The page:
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ODU Student's Green Vehicle Invention Featured in Washington Post Story

Nick Turner is the kind of guy who's always been into building things. It started with Lego. Even today, the 21-year-old Old Dominion University engineering student is happiest when he's making things with his hands.

"Ever since my parents got me a Lego set, I've just built stuff," said Turner, who is in his first semester of study in mechanical engineering technology after transferring to ODU.

His parents surrendered the space under the deck at their home in Loudon, Va., where Turner can use tools to fashion his creations.

Lately, that interest in invention has been accompanied by another passion - finding a way to get smaller and more energy-efficient cars on the super-crowded roads in and around Washington, D.C.

"I started thinking about the hundreds of millions of cars that are on the road around the world. I wanted to come up with a vehicle to do my part to alleviate that," Turner said.

With a little ingenuity, some elbow grease, pedal power and a small electric motor, Turner now drives around his hometown in his own green vehicle.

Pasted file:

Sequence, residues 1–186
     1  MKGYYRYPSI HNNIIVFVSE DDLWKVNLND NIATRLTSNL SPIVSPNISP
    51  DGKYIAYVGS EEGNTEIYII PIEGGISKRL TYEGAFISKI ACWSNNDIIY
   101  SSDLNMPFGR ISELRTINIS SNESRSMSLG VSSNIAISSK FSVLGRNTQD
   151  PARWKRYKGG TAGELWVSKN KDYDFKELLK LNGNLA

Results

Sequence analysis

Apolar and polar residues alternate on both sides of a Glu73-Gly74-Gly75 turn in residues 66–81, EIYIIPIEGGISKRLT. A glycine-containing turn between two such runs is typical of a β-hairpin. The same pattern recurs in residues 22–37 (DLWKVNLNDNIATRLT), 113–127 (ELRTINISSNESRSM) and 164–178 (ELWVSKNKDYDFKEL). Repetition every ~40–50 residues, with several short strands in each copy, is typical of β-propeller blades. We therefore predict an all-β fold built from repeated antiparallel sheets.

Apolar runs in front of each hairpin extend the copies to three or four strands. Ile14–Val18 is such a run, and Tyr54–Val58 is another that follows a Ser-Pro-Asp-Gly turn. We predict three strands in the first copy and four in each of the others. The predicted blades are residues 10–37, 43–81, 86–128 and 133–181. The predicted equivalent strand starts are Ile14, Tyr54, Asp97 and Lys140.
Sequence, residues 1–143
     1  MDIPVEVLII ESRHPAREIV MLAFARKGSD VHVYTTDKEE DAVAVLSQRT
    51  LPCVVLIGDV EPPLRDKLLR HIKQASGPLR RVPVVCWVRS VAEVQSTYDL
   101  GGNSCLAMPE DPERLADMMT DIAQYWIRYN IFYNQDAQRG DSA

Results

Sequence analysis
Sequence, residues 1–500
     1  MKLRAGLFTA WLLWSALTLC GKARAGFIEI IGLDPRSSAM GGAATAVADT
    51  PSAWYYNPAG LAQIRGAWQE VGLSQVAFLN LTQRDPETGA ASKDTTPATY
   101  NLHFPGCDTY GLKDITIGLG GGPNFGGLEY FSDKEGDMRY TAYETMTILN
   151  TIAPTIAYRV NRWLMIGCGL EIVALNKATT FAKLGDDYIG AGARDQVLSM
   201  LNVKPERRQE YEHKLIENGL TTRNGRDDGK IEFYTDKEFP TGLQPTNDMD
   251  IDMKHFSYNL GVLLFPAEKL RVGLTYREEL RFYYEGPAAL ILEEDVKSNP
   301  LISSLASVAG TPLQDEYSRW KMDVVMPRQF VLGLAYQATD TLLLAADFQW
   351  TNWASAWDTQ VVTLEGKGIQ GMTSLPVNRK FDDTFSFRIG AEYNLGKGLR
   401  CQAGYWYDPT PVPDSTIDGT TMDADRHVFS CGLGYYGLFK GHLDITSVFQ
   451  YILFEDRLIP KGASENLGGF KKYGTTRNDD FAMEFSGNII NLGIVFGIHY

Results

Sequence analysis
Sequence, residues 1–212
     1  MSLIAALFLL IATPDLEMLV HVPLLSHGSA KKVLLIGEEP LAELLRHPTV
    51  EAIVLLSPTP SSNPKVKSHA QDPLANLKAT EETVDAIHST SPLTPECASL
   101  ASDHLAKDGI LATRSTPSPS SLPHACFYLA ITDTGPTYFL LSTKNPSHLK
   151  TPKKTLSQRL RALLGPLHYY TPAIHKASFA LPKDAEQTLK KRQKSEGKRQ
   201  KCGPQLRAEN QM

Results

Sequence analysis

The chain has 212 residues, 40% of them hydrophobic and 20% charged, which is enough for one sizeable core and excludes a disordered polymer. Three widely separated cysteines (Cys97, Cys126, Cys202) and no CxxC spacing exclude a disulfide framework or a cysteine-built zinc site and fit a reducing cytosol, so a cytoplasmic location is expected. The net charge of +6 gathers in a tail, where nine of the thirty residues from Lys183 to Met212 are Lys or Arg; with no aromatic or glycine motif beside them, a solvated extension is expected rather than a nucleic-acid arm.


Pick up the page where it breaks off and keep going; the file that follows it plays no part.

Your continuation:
He designed and built the vehicle, which he calls the Tuhart B-2, at home in Loudon. He used the emergency brake from an old Honda Civic, a go-kart steering wheel and parts of a pink girls bike, along with items such as a lawn chair from Home Depot, welding it all together in a steel frame in his makeshift, under-deck shop in his parents' backyard.

The Tuhart B-2 is a three-speed, two-seat car that runs on pedal power and an electric motor. With a top speed of 23 mph, the vehicle is meant for driving around town on slower roads, but Turner plans to add a shell and safety features and hopes someday to turn it into a marketable vehicle.

He couldn't have gotten much more of a marketing boost than he did when a journalist from The Washington Post saw the Tuhart B-2 last month in the parking lot of a 7-Eleven. A small story and photo essay on Turner's creation ran shortly after in the newspaper. (See the Washington Post story here: http://www.washingtonpost.com/local/loudoun-inventors-green-car-strikes-chord-with-leesburg/2011/08/26/gIQAdvjilJ_story.html.)

Turner is excited to continue tinkering with the Tuhart B-2, hoping to make it go faster so that it will be able to travel on more roadways. But he also likes to look beyond his own invention, envisioning a world where everyone makes their own contribution to a greener planet by cutting down on commuting emissions.

"Most of the 'future' vehicles out there aren't much different from regular vehicles," he said. "We need people to keep trying things, keep innovating, and the public to demand these types of vehicles, because we can't keep putting more and more cars on the road forever."

This article was posted on: September 14, 2011

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